See www.galvbay.org/wastepits for more information on why we support removal. We urge you to do the same by writing a comment letter to EPA supporting their proposed plan by Jan. 12.
Scott Jones is the director of advocacy of the Galveston Bay Foundation.


http://www.galvnews.com/opinion/guest_columns/article_56fd18f7-8a0f-5557-988e-409de76de210.html


THANK YOU SCOTT AND GALVESTON BAY FOUNDATION !

Wednesday, November 30, 2016

San Jacinto River Waste Pits Superfund Site (SJRWP) Singeltary Submission





REMOVE IT!





Wednesday, November 30, 2016

San Jacinto River Waste Pits Superfund Site (SJRWP) Singeltary Submission

San Jacinto River Waste Pits Superfund Site (SJRWP) Singeltary Submission


I hope everyone will join GBF in supporting EPA’s proposed plan to _REMOVE_ the dioxin wastes at the San Jacinto River Waste Pits up in Channelview.  Those wastes pose a major threat to the whole Bay system if the site is hit by a hurricane or flood and GBF has been calling for removal for a couple of years now.  See www.sanjacintowastepits.com for more info and a sample comment letter.  Letters are due to EPA by January 12th.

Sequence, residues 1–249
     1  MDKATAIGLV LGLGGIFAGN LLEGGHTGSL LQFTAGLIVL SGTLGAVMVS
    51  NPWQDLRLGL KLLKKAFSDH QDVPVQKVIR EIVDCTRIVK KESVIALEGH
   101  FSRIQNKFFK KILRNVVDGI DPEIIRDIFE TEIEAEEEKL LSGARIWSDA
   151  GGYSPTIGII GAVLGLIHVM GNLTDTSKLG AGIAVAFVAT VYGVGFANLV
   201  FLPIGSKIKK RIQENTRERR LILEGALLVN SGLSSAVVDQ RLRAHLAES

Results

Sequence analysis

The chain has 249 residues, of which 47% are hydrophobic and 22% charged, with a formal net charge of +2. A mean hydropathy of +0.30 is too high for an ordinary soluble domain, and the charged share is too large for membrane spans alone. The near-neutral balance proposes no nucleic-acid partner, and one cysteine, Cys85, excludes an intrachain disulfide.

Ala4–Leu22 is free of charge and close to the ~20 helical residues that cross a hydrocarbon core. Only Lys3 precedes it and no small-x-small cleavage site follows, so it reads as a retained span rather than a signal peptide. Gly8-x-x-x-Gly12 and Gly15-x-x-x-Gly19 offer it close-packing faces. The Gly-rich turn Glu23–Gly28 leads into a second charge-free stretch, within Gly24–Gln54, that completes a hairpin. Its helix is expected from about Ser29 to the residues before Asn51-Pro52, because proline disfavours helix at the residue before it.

-----Original Message-----
From: Terry Singeltary
To: R6_San_Jacinto_Waste_Pits_Comments
Sent: Wed, Nov 30, 2016 3:50 pm
Subject: San Jacinto River Waste Pits Superfund Site (SJRWP)


Remedial Project Manager
U.S. EPA Region 6 (6SF-RA)
1445 Ross Avenue
Dallas, Texas 75202-2733
Dear Mr. Miller-
I am writing you to state my support for the U.S. EPA’s proposal to remove the dioxin wastes at the San Jacinto River Waste Pits Superfund Site (SJRWP). I agree with EPA that removal is the only correct and permanent cleanup solution for this site. I also agree with EPA that containment alternatives cannot be shown to reliably contain the waste over a long-term basis, subjecting the community to the continued risk of a catastrophic release of dioxin.